I’m not down on this song.  It’s one of, if not THE strongest songs on the album.  It’s just that I heard it so early, it didn’t feel like part of the rest of the album.  I like that this song conveys love, but realism, too.  It’s one of the few mom-songs that’s not entirely lovey-dovey, super-saccharine.  Here is what little edge Brandi has left.  Sure, she’s up in the family lift all gung-ho–but she knows what she’s not doing anymore also.  I like how Brandi acknowledges that she’s missing out on things, kids are messy, and motherhood is sometimes about being tired and giving up on your own wild flights of fancy.  Also, the video is cute.  Though, I wonder how many takes it took because Evangeline looks bored.

5.  “Whatever You Do”

Another slow song.  As a whole, I think the album would have benefitted from something a little more dancy by this point.  I love the line, “I never said I’m sorry, but I meant it.” It shows how serious the writing was for this latest album.  Very thoughtful lyrics are throughout.  The best part of the song for me is after 3:08 min when the instrumentals really come out loud.  It’s haunting, and melancholy, and final.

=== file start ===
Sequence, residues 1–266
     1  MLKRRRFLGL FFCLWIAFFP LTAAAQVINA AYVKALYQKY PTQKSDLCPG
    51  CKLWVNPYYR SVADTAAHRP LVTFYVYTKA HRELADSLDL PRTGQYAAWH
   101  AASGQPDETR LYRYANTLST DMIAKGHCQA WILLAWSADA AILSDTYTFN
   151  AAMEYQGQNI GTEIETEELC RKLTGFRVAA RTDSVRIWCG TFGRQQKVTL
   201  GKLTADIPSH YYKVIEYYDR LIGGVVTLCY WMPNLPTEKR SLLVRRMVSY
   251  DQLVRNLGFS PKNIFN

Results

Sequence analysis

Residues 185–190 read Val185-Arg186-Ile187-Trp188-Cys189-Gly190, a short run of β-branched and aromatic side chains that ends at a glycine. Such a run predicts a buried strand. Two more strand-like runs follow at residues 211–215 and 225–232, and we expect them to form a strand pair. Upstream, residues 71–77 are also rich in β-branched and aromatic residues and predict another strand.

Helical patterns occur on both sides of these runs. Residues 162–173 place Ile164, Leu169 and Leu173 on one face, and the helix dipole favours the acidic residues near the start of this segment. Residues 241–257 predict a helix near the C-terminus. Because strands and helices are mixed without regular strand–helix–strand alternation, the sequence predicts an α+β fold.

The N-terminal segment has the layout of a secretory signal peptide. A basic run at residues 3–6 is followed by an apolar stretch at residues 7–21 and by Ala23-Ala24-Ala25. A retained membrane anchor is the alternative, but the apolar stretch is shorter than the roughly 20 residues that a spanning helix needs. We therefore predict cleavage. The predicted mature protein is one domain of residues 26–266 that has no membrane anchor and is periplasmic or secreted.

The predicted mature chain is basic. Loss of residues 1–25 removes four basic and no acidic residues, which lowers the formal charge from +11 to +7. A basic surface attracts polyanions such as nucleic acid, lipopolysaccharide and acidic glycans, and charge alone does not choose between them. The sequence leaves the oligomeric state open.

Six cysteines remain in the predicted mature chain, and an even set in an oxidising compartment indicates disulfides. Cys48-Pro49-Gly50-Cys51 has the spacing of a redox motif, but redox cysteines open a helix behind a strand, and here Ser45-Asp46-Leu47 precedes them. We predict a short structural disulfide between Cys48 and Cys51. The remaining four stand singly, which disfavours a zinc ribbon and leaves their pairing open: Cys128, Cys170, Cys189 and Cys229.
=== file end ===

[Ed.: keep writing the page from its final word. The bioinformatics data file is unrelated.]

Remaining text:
6.  “Fulton County Jane Doe”

I had really high hopes due to the title that this would be the raucous track of the album.  Alas, it’s another kind of internal dialogue that is quiet and lulling. I think Brandi’s yips at the end are the best thing about this one.

7.   “Sugartooth”

Searching.  Judging someone without walking in their shoes.  Bad habits that keep pulling you back.  Guns and suicide.  Finding peace in death.  Without reading the lyrics or hearing the backstory, I find this song a little meandering.  Is there one takeaway point or is it just a conglomeration of ideas?  I do enjoy how Brandi sounds like she means whatever she’s singing–whatever it’s about.

8. “Most of All”

How your parents are with you even when they’re not physically there.  You resemble them.  Your speech patterns end up sounding similar.  You internalize their lessons.  This one is also a little Fleetwood in the chorus, and I think that’s reaching a little.  I believe they should stop relying on their inspirations or fitting in a certain genre, and come up with something more original.  It’s nice that the song-lyrics go full circle though.  And the emphasis on family goes well with the rest of the album.

9. “Harder to Forgive”